Old Seth Jackson

By by Luke Boyd

"You know, I've heard that you and those other boys really treated old Seth Jackson bad there one time."

“What other boys you mean?”
“Well, I hear tell they were mostly some of our Beard and Dunaway cousins. Y’all used to get together and ramble around the community playin’ pranks on folks.”

“We did. We did. But we never did any real harm and that thing with Seth was us just sort of leadin’ him to do what he wanted to do in the first place.”

“What do you mean by that?”

“Well, I’ll tell you just what happened. You know that Seth’s place was right next to Jacob Proctor’s. Jacob was a real good farmer and Seth wasn’t. Jacob’s crops were always about the best around. Everything he planted grew and produced. On the other hand, it seemed like when Seth planted cotton he got more weeds than anything else.

“The main crops were bad enough, but what really got Seth’s goat was the watermelons. Jacob always had about an acre patch and they were always big and sweet. He even won some ribbons with them at the county fair several times. People were always complimentin’ his melons and takin’ on about ‘em and this really made Seth jealous. Seth’s melons were all right, but they couldn’t hold a candle to Jacob’s. Seth got more jealous every year until he came just about to hate Jacob. We all knew about his feelins’ and that set the stage for us.

“Seth liked moonshine pretty well. So, one night we bought a jug from ole one-eye Pete and went by Seth’s place. We gave him a swig or two and told him we were going to ramble around some and that he could come along if he wanted and share the jug. He did and we struck out. We’d stop ever so often to pass the jug. In the dark, Seth couldn’t see that we were just holdin’ it up to our mouths and not drinkin’. After he got pretty drunk, we started talkin’ about Jacob Proctor and that really set him off. He cussed Jacob and really got to carryin’ on about him. Then one of us mentioned the watermelons and that was like tyin’ a lighted corn shuck to a cat’s tail. ‘Course we egged him on a little every now and then. He finally said that what Jacob Proctor deserved was to have all his melons busted and the vines pulled and stacked around a stump. Being the good drinkin’ buddies we were, we offered to help him do it.”

“Seth was pretty drunk and disoriented by the time we got to the watermelon patch. That patch really looked pretty in the moonlight and I said it would surely be a shame to tear up such a nice melon patch. But Seth wasn’t about to back down. He said he’d come to tear up Jacob’s patch and he meant to do it, and if we wouldn’t help, he’d do it by himself. So he started in to bustin’ melons and pullin’ up vines. After he had a good start, we helped him finish the job. It was a big patch and it took a good while to do it with all of us workin’ pretty steady at it. Even in the moonlight where you couldn’t see real good, that patch real¬ly looked bad with busted melons all over the place and that big pile of vines stacked up around that stump.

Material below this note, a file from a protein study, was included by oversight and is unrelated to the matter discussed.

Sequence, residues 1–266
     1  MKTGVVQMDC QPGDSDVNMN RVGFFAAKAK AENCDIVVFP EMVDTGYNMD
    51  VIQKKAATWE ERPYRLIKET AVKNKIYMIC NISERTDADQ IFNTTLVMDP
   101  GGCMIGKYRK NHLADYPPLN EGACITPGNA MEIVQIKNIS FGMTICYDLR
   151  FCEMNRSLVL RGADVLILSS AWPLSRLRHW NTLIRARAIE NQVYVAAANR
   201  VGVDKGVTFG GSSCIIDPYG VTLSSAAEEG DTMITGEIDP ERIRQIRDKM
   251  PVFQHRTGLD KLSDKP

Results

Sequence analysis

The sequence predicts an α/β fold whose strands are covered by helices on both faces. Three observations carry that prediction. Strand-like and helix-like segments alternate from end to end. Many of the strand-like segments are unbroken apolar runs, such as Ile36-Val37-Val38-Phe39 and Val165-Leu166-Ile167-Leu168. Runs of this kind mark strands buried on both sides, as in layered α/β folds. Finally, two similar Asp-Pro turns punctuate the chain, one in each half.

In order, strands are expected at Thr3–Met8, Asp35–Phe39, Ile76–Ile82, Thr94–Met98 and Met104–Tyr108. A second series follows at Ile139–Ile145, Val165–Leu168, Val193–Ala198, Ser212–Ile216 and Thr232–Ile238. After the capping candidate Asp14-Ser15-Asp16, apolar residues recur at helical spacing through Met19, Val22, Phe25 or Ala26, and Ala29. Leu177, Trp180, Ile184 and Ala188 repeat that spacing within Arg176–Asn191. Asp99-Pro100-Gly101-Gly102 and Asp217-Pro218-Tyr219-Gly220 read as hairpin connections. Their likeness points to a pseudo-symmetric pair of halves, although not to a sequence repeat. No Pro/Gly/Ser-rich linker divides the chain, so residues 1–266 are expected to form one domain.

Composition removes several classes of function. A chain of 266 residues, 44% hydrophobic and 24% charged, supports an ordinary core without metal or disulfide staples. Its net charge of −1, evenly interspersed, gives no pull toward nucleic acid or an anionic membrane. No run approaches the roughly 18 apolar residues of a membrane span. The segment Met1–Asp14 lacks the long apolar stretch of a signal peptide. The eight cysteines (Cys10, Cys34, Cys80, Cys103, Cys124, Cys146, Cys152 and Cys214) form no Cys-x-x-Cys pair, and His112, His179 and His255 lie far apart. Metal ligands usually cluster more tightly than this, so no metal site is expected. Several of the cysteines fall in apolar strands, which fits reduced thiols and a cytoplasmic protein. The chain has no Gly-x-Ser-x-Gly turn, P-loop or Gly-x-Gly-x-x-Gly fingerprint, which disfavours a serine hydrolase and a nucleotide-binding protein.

“All that exertion and moonshine had taken its toll on Seth and we had just about to carry him home. Jenny was awful mad when we got there, so we didn’t stay longer than it took to lay him on one of the beds.”

“And he had no idea what he’d done?”

“Naw, he didn’t that night. But when he started out to the barn the next mornin’ and saw all his melons busted and the vines stacked around the stump, he knew we’d led him to his patch rather than Jacob’s.”

“What’d he do?”

“What could he do? He couldn’t get us for messin’ up his patch ’cause he’d helped do it. And he couldn’t tell anybody that it was a mistake, that it was supposed to have been Jacob’s patch that got messed up. We had him by the short hair with a down-hill pull and he knew it. He did get a lot of sympathy from folks in the community which made him feel good — or at least better. Jacob even came over and told him to pick melons from his patch ’cause he had so many that year.”

“Did he?”

“Yep, he did. Ol’ Seth swallowed his pride and picked melons from the patch he intended to destroy. You know, he wouldn’t speak to any of us for about six months, but I think we taught him a good lesson that night. Yep, I think we did.”
(For more by Luke Boyd and “Coon Dogs and Outhouses V1” go to www.totalrecallpress.com or www.amazon.com.)